House the Homeless president, Richard R. Troxell, lays out a jobs plan to put millions of Americans back to work; jumpstart the construction industry building housing for the newly-employed; stimulate the economy through a surge in consumer spending; delay, reduce, and restructure foreclosures; while at the same time reducing taxes and subsidies from the federal government to the unemployed. Impossible? No! It’s actually quite realistic. Check out the plan here.
Support to End Economic Homelessness Grows
As our campaign to put a copy of our book into the hands of each member of the U.S. Congress and all governors continues, favorable responses abound. The responding political dignitaries include:
Gov. Terry E. Branstad (IA)
Gov. Scott Walker (WI)
Gov. John W. Hickenlooper (CO)
Gov. Steven L. Beshear (KY)
Gov. Deval L. Patrick (MA)
Gov. Brian Sandoval (NV)
Gov. Lincoln D. Chafee (RI)
Gov. Bill Haslam (TN)
Gov. Gary R. Herbert (UT)
Gov. Sean Parnell (AK)
Gov. Rick Snyder (MI)
Sen. Kelly A. Ayotte (NH)
Sen. Olympia J. Snowe (ME)
Sen. Daniel K. Inouye (HI)
Sen. Joe Manchin lll (WV)
Sen. Michael B. Enzi (WY)
Sen. Marco Rubio (FL)
Sen. Bob Corker (TN)
Rep. Michele Bachmann (MN)
Rep. Ed Whitfield (KY)
Rep. Spencer Bachus (AL)
Rep. Dennis J. Kucinich (OH)
Rep. James Lankford (OK)
Rep. Lamar Smith (TX)
Rep. Charles A. Gonzalez (TX)
Rep. Joaquin Castro (TX)
Rep. Rosa DeLauro (CT)
Rep. Mo Brooks (AL)
You can see more letters of support here.
Dear Friends and Supporters,
Richard R. Troxell here. As many of you know, I’ve been working on a book about my life’s work. I have great news, Looking Up At The Bottom Line: The Struggle For The Living Wage! was released on Friday, October 1st, 2010. It not only tells my story and the story of the working poor; but most importantly, it launches the platform for the Universal Living Wage (ULW).
Enactment of the Universal Living Wage will end Homelessness for over 1,000,000 minimum wage workers. At the same time, it will prevent economic homelessness for all 10.1 million minimum wage workers.
You can buy my book on Amazon right here. All proceeds go to support efforts to end economic homelessness.
My book is an intense personal, political, and educational guide through the last 30 years of homelessness in America. I returned from Viet Nam confused and homeless. Wandering across America, I landed in Philadelphia. I was lucky. I met Max Weiner, a pioneer in consumer activism. After several years of pain, he changed my life.
My early years as an advocate for consumer’s rights and fighting foreclosures got me off the streets and led me to a life-long career with Legal Aid. I began refurbishing abandoned houses only to have them threatened by a declining economy and drug lords. So, I fought for and created Mobile Mini-Police Stations, which saved my neighborhood and are still in use today in several cities. Life taught me that the solutions to hard problems lie in the problems themselves.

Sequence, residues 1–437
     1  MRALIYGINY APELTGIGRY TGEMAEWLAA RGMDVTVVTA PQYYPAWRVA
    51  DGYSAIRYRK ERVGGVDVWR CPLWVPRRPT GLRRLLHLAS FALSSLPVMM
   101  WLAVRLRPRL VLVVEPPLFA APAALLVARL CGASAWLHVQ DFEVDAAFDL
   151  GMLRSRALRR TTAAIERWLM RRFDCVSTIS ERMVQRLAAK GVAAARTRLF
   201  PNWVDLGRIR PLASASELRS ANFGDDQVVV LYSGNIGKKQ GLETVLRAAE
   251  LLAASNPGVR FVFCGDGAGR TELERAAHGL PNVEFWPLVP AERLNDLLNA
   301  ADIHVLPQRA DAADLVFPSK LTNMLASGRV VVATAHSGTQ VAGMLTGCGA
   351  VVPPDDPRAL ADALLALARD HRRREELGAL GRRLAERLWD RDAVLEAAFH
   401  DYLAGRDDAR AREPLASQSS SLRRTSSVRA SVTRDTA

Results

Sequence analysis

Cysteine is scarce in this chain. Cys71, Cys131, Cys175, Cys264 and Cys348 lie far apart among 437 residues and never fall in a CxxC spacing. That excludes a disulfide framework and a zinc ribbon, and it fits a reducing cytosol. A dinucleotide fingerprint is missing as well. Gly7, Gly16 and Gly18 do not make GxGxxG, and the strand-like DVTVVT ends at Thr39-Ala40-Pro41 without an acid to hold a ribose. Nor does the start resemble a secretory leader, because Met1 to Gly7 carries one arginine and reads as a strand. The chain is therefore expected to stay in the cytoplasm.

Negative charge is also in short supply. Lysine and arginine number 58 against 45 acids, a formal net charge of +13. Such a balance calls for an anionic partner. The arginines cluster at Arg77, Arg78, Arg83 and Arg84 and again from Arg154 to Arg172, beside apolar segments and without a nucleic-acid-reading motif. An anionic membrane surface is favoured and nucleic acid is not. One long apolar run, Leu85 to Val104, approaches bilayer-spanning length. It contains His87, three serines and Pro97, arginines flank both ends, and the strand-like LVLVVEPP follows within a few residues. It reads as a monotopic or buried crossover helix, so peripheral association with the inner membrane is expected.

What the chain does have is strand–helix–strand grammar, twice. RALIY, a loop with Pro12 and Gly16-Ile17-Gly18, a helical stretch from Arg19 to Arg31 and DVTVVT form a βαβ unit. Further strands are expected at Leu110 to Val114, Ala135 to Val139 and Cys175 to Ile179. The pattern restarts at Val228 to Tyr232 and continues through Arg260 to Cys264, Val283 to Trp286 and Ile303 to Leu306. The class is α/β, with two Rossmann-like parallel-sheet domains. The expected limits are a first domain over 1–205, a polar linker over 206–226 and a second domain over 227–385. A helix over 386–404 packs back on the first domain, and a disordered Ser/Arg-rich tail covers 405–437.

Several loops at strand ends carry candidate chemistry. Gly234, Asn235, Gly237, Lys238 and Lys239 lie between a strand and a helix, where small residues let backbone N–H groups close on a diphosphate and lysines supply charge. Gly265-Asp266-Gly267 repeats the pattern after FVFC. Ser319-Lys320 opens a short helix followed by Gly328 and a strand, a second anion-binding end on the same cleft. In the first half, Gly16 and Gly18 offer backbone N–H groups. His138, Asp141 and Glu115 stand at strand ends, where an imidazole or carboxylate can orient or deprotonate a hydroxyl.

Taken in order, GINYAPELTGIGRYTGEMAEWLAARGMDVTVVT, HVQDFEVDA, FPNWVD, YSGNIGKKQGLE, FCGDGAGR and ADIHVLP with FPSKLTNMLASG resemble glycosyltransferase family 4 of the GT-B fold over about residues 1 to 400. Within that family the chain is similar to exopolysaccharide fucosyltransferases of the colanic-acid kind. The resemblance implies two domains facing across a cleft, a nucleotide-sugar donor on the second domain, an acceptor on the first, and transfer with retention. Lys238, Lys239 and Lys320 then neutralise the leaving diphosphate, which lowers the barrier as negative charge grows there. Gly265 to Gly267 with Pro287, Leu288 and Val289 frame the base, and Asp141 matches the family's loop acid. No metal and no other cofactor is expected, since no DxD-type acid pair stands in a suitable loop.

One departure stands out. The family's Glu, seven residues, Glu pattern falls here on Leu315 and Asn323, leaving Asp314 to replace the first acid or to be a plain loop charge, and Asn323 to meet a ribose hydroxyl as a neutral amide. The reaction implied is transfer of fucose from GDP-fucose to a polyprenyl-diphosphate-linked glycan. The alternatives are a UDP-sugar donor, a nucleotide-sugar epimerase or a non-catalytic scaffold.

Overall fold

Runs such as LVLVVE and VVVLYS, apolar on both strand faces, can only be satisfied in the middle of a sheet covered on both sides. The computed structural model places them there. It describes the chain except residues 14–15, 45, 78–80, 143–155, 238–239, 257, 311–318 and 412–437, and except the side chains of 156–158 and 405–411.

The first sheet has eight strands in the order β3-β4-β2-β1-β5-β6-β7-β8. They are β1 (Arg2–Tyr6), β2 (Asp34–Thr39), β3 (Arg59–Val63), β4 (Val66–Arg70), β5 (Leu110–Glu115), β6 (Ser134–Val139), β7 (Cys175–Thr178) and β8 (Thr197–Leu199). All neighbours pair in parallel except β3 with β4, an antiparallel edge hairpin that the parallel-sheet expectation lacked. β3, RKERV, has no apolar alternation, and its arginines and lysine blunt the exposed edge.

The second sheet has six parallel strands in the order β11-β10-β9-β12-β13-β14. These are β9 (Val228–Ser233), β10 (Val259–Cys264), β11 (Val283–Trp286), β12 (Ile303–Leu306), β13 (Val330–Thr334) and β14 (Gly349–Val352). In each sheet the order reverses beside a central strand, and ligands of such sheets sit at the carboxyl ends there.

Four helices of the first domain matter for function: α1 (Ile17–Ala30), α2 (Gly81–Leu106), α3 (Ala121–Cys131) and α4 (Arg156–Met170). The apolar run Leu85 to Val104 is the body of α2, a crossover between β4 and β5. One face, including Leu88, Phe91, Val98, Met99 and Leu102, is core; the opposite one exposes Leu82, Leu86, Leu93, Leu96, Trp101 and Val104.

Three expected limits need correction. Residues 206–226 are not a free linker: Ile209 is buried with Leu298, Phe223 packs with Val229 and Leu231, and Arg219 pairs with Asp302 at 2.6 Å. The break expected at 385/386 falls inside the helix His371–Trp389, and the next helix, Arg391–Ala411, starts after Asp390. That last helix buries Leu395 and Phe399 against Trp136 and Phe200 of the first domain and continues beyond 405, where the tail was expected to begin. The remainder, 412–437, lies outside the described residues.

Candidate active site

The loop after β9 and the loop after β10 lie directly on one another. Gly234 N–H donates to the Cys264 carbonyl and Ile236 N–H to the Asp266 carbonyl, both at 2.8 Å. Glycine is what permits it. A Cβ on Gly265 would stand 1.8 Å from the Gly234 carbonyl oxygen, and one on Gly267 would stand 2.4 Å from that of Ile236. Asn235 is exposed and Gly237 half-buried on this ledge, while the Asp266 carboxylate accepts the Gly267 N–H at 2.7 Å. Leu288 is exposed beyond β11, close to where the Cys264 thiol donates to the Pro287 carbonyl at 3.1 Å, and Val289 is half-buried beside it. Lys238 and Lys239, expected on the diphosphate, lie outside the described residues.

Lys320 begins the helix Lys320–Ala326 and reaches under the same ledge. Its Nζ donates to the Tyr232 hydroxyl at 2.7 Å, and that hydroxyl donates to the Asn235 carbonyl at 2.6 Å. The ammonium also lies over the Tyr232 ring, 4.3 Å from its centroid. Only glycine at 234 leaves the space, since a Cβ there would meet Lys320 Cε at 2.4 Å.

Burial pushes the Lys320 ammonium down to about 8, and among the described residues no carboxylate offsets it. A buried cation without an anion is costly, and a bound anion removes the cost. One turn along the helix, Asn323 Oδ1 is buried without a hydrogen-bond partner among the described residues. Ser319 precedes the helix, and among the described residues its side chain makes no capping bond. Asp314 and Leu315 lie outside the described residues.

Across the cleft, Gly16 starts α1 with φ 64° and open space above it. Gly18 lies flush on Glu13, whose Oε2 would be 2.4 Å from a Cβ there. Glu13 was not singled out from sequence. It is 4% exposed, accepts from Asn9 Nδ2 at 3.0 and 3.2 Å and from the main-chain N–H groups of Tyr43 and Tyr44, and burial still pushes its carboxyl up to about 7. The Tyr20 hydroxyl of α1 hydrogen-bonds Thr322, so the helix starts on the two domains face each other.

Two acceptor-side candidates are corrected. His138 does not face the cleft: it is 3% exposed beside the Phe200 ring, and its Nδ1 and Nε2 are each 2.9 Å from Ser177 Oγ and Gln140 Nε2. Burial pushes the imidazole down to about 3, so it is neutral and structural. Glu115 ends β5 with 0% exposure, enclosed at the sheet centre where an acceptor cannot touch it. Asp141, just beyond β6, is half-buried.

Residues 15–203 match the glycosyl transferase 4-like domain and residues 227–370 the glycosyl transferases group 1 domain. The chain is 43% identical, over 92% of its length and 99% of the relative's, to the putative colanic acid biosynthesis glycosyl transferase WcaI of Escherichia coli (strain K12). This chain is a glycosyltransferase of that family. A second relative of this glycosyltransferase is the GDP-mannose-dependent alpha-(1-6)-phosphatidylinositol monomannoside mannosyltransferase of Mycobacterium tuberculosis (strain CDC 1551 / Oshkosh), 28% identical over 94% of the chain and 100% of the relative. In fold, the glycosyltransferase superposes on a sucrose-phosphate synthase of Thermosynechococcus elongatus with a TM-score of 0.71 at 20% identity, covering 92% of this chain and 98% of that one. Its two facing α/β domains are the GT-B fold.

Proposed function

In 1989, I founded the non-profit House the Homeless (HtH). I challenged a No Camping Ordinance for 5 years that criminalized the homeless for their economic circumstances by fining them $500 for sleeping outdoors. House the Homeless posed the question: Jail the homeless or job train them?
When Bergstrom Air Base was repurposed to become an airport, I tried to activate the McKinney Act, which allows federal property that is no longer in use or underutilized to be used for people experiencing homelessness. Again, in spite of a law to support my efforts, the hospital that worked for the military was deemed unsuitable for the homeless.
Do you know the primary cause of homelessness is the minimum wage? According to the US Conference of Mayors, a person working 40 hours a week, at a minimum wage of $7.25, doesn’t have enough money to afford a one-bedroom apartment anywhere in the United States.
Again, “the problem points to the solution.” Looking Up At The Bottom Line offers the solution: The Universal Living Wage (ULW). The ULW adjusts the federal minimum wage, and indexes it to the local cost of housing throughout the US. By doing so, any person who works 40 hours a week is able to afford basic rental housing (including utilities) along with food and clothing.
Please buy my book and let everyone know that there is an answer to economic homelessness. Enactment of the Universal Living Wage will conservatively end economic homelessness for over 1,000,000 people and prevent economic homelessness for all 10.1 million minimum wage workers.
It starts with purchasing Looking Up At The Bottom Line. We encourage you to purchase a copy for your local library or shelter — vital resources for the economic homeless.
Thanks for buying my book and for being a part of ending economic homelessness.